How to Paint Light, or “a Lotta Bull” Step 1

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Welcome to my new DIY painting blog post installment. We will focus on “A Lotta Bull” in this set of posts. The very observant, ‘Born in a Barn’ folk may immediately note that despite the bullish horns, this specimen has a swollen udder swinging between his hind legs. So from the beginning, the premis of this painting and post is a lie. Perhaps it will be the only one. However, should you choose to continue reading, “I told you so”.

My appoach to painting is not to paint what I know, but to ask questions and seek answers from the subject of my painting. The first question is, why do I want to paint this subject. Maybe I really like to paint “bulls”:). Maybe it is the design, in this case, the geometric and organic contrast of shapes, or the contrasting colors (red vs. green). Or maybe the dynamic light that rakes across the hinder-parts of our transgender bovine leaving deep shadows in its wake! In this case, subject, design, colors, lighting and maybe a bit of humor have combined rather well.

Next on our agenda is the drawing of the beast and its domain. I am using yellow ochre oil paint to sketch with. I start by asking myself where to place my main objects. I do this by comparing distances. The foot of the building is ⅓ of the way up from the bottom of my photo. I make marks ⅓ from bottom of canvas on right side. The side of the structure is just to the right of the halfway mark. I make marks for the left side of the building. The bottom edge of the roof is approx  ⅙ of the distance between foot of the building and the top of the photo and it overhangs the left edge of the building maybe half that distance. I continue asking questions about placement, measuring and comparing to being precise. For further clarification on how to measure and compare ratios without a ruler, go to my class/ workshop page and follow links to sign up:).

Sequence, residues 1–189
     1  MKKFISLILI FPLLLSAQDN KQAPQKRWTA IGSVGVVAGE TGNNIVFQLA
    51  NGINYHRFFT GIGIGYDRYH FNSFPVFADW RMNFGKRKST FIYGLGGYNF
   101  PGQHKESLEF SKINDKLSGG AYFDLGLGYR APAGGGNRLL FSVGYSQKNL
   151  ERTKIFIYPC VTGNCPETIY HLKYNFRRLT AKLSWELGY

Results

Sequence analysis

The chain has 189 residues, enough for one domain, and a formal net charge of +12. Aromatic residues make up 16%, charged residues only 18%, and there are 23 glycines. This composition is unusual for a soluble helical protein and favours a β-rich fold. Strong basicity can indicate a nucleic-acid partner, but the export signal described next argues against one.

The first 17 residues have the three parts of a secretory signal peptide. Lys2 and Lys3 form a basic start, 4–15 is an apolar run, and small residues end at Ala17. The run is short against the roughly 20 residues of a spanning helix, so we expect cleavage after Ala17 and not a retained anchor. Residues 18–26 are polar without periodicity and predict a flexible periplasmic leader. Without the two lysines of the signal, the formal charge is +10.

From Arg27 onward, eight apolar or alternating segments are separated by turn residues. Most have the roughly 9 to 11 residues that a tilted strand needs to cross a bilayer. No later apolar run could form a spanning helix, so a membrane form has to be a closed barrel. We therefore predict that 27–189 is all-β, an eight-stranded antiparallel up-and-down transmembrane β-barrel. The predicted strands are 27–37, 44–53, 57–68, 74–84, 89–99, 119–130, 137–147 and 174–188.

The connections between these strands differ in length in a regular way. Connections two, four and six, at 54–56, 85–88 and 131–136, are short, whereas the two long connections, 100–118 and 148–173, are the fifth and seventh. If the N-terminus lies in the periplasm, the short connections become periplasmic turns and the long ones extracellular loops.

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I have drawn lines to diagram the main objects. I have also made extra lines on the “bull”. These lines are the beginning of a new set of questions. “Where is the direct light and where is the shadow. This is not the same as separating the darks and lights. This is not a drawing of how the bull’s fur changes from brown to white. This “?” asks, where is the morning sun hitting the cow and what parts are left in shadow.

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This is what I call a light map. There are 3 really good reasons to do this. This gives you a great sense of how good your painting’s composition is and how well it is drawn…. Back off from your painting 10 paces and ask yourself, “How good is my painting’s composition and how well is it drawn?” and then answer truthfully. If there are problems, it is better to fix them now. This process also lays a foundation for your painting based on light not local color. When you start mixing colors, the brown of the bull is visually different in color and value depending on whether it is in direct light or shade.

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The 3rd reason to do this is that we can start locating passages to connect our “separate objects”. The sky might flow into the roof. The shadows on the building could flow into the shadows on our bull. Light from the sky wanders along the top edge of the open gate, eking out a passageway into the deepening shadows of the building. In this way we can unify the design of our painting. Those who view our painting will be attracted to the light and then drawn into the shadows.

This concludes step one of “A Lotta Bull”. Please look to the top of this post and “subscribe” to this blog by entering your email. Stay tuned and have a blessed day:)

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Comments

  1. Pete Turner says:

    Thanks Ron, great information and illustration, this is the stuff I need to work on.

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